Amara Conte: Winning the national championship in 4×400 meter twice now has made my experience at Rowan more pleasurable and has enhanced my experience in ways that I could only imagine. My track experience in general has taught me many life skills, for example: time management, networking, and discipline. Due to my experience as a track athlete, I’ve grown in more ways than I can possibly fathom and with more years these skills and experience will only sharpen and improve before I enter the real world.
Jah’mere Beasley: Winning the national championship in the 4×400 has made my time here that much more special. This is one of the closest teams I have ever been a part of, and winning that national title brought everyone closer together. Having a brotherhood like this is unmatched. I always cherish the moments I have on the track and that national title is something I will always remember. Those moments always motivate me to get faster and better than I was before. My track experience has shaped my college experience in a big way. Track has helped me make lots of new friends here at Rowan. Most of the the friends I have made are people that play other sports. Track is helping me stay focused in the classroom as well. It motivates to keep my grades up and give max effort with each assignment.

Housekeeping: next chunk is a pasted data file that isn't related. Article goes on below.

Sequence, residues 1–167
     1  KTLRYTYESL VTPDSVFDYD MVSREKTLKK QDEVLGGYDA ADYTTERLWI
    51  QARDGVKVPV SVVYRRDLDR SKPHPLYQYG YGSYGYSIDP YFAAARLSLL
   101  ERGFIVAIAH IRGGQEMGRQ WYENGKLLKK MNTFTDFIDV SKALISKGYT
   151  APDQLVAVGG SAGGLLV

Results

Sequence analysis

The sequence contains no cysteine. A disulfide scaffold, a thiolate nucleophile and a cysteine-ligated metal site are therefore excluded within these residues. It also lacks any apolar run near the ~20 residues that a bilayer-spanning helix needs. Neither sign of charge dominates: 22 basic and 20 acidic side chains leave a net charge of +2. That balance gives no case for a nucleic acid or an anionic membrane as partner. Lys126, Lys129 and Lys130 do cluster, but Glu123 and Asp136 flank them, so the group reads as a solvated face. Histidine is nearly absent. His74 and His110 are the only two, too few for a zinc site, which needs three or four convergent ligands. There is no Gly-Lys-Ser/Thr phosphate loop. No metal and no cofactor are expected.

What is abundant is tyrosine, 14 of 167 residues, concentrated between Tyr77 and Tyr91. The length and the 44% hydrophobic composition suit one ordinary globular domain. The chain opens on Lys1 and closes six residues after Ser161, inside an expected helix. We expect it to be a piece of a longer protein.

Nana Agyemang: It’s been cool seeing my friends repost it, having teachers come up and congratulate me has been a great feeling. It’s just made my Rowan experience better and more enjoyable. Track had taught me valuable lessons like when things don’t go your way you can either come back the next day and try again or quit. It has also taught me that life will get hard, like workouts, but if you keep going there is always a light at the end of the tunnel. It might look dark while you’re going through but sooner or later you will reach the end of the tunnel and be happy you did. We have had plenty of workouts that we feel like we aren’t gonna make it but we just gotta keep going and you gotta tell yourself your stronger than that you think.
Do you participate in both winter and spring track? What are the biggest disparities between the two? What the biggest challenges between the two different seasons?
Jah’mere Beasley: I run both winter and spring track. The biggest disparity between the two are the size of the tracks. The winter track is 200m and the spring track is 400m. During the 4×400 in winter track, each person runs two laps, as compared to spring track where each person runs 1 lap. Events like the 4×100 and javelin are only during spring track. The biggest challenge is running on the indoor tracks. The lanes are smaller and the turns are tighter. It take a lot of getting used to during the season.
Read our earlier interview with Jah’mere here.
Like what you see?
Natalie DePersia, senior public relations major
Photos courtesy of:
David Dermer/Rowan Athletics